Wednesday, 16 September 2015

Welcome to The Boulevard

We all know why the chicken crossed the road, but our question is WHERE did the chicken do it? Well, it would probably be at The Boulevard if they were here at The Forks 

The Boulevard, a temporary demonstration project, has widened the current boulevard on Israel Asper Way, to give you a safer way to cross by calm the flow of traffic.

As new additions come to The Forks, we're always on the lookout for how people use and get around the site. Over the past year, we were noticing that the current pedestrian crossing wasn’t being respected as it should be. Cars weren't slowing down and stopping for people trying to cross and it was kind of like having a four-lane highway in the middle of our site. So we tried to think of creative ways to calm traffic, keep people safe, and add a little style while doing it. Enter "The Boulevard".

Located between the Canadian Museum for Human Rights and the FNP Parkade, The Boulevard is designed to have traffic to merge from two lanes in each direction to one in each direction. 

The space is outlined by large planters, safety cones, and giant chickens painted on the ground to designate a safe crossing space. We've also added Warming Huts to make it look a bit prettier.

Because this is a demonstration project, The Boulevard will be operating from September 16 to the end of October. After that, we'll review the space and how the concept worked.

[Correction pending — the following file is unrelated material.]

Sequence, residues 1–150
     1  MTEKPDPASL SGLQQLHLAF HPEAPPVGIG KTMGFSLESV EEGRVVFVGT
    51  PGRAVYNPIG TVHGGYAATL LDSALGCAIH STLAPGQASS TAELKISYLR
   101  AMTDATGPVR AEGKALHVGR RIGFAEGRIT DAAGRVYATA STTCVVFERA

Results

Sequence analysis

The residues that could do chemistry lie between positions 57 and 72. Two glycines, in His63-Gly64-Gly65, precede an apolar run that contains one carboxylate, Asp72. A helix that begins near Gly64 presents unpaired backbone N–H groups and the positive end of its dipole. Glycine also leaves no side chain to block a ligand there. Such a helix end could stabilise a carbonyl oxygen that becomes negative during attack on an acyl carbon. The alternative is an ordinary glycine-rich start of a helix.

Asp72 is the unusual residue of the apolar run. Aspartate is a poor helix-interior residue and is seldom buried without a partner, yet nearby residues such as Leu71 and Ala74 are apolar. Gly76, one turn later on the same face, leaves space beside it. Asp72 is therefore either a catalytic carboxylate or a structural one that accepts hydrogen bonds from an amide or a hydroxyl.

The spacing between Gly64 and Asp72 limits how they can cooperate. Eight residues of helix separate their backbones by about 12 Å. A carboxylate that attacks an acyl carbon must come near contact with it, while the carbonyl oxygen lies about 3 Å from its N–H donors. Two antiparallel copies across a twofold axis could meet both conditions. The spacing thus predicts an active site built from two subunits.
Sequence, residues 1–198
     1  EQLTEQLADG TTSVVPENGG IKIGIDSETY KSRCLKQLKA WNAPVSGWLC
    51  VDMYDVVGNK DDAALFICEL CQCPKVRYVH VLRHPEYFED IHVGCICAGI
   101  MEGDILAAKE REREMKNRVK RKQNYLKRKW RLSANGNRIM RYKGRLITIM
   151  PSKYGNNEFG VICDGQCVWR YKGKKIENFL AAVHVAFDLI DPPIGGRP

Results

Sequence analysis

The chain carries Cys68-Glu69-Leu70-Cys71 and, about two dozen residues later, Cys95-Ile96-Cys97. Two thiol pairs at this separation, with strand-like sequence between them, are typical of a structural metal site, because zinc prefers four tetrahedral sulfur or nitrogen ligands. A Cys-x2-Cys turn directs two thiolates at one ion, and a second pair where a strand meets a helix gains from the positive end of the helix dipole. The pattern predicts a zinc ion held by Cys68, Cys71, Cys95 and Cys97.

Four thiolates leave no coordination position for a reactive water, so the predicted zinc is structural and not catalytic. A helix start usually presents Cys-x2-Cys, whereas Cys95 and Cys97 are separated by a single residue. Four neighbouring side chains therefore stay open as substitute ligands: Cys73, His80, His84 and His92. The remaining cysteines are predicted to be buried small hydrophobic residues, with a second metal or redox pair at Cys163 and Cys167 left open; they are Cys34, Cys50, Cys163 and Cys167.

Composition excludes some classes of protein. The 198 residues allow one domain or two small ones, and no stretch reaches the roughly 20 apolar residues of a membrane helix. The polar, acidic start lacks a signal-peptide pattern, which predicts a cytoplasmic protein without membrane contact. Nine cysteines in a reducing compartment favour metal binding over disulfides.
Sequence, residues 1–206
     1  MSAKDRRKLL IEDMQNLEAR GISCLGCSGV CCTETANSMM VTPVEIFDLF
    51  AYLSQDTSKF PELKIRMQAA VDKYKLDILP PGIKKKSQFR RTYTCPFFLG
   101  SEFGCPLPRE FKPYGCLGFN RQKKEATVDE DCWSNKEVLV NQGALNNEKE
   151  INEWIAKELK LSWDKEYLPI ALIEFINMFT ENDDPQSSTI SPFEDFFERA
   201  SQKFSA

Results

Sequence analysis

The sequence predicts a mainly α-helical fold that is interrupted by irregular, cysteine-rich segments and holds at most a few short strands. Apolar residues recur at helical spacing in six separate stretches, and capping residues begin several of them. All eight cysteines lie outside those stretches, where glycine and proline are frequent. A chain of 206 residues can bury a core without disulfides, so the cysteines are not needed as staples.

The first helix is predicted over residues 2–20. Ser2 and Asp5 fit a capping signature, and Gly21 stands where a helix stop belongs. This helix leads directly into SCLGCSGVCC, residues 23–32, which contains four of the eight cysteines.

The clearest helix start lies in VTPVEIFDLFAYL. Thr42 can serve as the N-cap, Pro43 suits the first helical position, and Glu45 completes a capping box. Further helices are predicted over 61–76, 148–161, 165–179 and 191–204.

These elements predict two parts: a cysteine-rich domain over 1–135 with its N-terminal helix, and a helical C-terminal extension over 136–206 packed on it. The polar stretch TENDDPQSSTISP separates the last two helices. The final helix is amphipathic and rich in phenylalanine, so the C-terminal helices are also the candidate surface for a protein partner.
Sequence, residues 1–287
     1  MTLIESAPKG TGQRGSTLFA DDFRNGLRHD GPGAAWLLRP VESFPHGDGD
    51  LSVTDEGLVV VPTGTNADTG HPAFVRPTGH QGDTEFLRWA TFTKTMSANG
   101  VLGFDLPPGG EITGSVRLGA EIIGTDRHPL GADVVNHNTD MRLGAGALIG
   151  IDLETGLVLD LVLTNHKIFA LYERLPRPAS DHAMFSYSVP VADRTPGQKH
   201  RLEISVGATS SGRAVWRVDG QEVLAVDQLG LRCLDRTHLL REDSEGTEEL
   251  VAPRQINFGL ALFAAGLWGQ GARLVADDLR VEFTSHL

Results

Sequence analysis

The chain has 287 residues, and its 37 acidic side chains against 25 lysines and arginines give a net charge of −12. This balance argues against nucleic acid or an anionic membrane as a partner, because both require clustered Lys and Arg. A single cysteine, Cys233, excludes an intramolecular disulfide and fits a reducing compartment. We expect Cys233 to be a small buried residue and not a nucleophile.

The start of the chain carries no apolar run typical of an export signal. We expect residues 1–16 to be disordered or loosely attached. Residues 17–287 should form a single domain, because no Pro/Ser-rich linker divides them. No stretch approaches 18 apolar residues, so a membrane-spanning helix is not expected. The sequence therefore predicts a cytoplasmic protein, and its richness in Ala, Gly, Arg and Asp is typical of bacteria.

So be like the chickens and cross safely at The Boulevard to get to the other side.

Tuesday, 8 September 2015

Railway Days

Guest post by: Gord Leathers from the Winnipeg Railway Museum
All aboard! It's time to celebrate Railway Days at Winnipeg's original transportation hub, the Winnipeg Railway Museum in VIA Rail Union Station on September 19 and 20.

Photo op with the Countess of Dufferin, the first steam locomotive on the prairies. Built in 1872 she arrived in Winnipeg by barge five years later and began work on the CPR.
Come and see the Countess of Dufferin, the very first steam locomotive on the prairies. She arrived here by barge in October, 1877 to help begin construction of a railway line south to Minneapolis for supplying hardware to build the Canadian Pacific Railway. After that, Winnipeg became a terminal for the Canadian Pacific, the Canadian National and the Great Northern among others.

A visit from our friends at the Winnipeg branch of the Burlington Northern Santa Fe Railroad. At last year’s Railway Days they displayed one of their newly rebuilt locomotives and a caboose to promote Operation Lifesaver, an educational initiative to prevent railway crossing and trespassing accidents.

The Canadian National occupied the area now known as The Forks when they built the East Yard for freight car sorting and to store and maintain passenger coaches. The museum features a collection of locomotives and cars that worked in the area, transported people from far away, and shipped local produce to be marketed around the world.

On the left is our display of the rigors of surveying and building the line to Churchill as a saltwater port for prairie farmers. On the right we have an outside brace boxcar, the standard of the industry for many years. They’ve since been replaced  by covered hopper cars for grain transportation services.